I have tried just about every product on the market that is touted as relieving itch and pain associated with either eczema or seborrheic dermatitis. Besides the items specifically geared for my skin condition, I also purchase and try anything that claims to work on dry skin and itching.
I would not suggest using the Cortaid Intensive Therapy Cooling Spray on a fresh rash that was just scratched or is close to raw. This will bring on a burning sensation, but only for a moment before the magic begins and the itching subsides. The spray goes on in a clear wet mist that dries quickly. I have noticed one time the liquid started running down my leg, and the few times it burned I was able to place my hand on the area to stop this immediately.
The initial scent from spraying on my leg or arm is a medicine type, but it quickly fades. Also I have touched the area after being sprayed and it was a bit sticky feeling. This was gone after awhile, but if you use the Cortaid Intensive Therapy Cooling Spray on your leg and then put on your pants this could be bothersome. I get better results when I am wearing shorts and I did not stick to the chair.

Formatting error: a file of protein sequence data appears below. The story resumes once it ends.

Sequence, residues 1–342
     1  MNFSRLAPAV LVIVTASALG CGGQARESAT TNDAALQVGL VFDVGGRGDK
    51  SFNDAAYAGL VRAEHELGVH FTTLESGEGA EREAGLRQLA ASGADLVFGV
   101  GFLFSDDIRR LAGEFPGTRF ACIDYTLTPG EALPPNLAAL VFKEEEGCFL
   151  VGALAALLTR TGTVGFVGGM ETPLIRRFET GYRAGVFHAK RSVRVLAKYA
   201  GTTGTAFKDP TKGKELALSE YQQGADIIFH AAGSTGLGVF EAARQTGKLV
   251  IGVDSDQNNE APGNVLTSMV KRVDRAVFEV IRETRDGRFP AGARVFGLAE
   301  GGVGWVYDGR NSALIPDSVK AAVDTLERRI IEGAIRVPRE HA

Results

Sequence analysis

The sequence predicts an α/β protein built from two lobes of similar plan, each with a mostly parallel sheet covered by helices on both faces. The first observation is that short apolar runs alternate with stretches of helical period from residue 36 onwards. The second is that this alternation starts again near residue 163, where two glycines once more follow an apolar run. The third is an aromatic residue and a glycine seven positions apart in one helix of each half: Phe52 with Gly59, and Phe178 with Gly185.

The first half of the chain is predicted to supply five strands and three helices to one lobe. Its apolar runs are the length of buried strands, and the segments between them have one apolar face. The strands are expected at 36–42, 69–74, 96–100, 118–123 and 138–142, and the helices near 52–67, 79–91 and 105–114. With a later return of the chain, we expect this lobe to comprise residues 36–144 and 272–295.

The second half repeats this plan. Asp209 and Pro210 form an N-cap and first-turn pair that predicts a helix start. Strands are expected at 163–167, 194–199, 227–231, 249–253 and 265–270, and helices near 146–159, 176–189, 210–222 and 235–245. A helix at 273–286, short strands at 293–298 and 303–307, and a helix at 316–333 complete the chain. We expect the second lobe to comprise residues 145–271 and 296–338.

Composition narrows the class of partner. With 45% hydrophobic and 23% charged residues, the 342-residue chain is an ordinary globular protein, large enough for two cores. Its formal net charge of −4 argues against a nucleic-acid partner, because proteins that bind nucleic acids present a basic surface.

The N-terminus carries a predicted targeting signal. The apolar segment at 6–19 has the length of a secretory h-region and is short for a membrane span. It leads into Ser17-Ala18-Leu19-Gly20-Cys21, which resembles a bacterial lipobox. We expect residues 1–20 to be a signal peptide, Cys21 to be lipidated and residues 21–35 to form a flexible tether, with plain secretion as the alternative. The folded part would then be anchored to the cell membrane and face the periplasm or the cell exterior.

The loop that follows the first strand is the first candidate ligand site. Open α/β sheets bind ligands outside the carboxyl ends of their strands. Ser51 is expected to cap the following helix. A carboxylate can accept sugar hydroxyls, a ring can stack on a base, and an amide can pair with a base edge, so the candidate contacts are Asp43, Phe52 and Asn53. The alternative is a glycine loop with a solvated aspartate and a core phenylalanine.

I do agree with the Intensive Therapy being used in the name, but cooling spray is not exactly accurate with my experience. There is relief with the desire to itch disappearing soon after spraying and there is no residue on your hands to wash off and no need to touch the area you just sprayed. The area on my wrist with the rash from wearing a watch has healed with no burning sensation noted while spraying on the area. One spray does get a fairly large area, but there is no mention of how many sprays is considered for a dose, so I assume only one spray for each section.
The price is higher than creams and ointments, but it lasts a lot longer and there is no mess to deal with.
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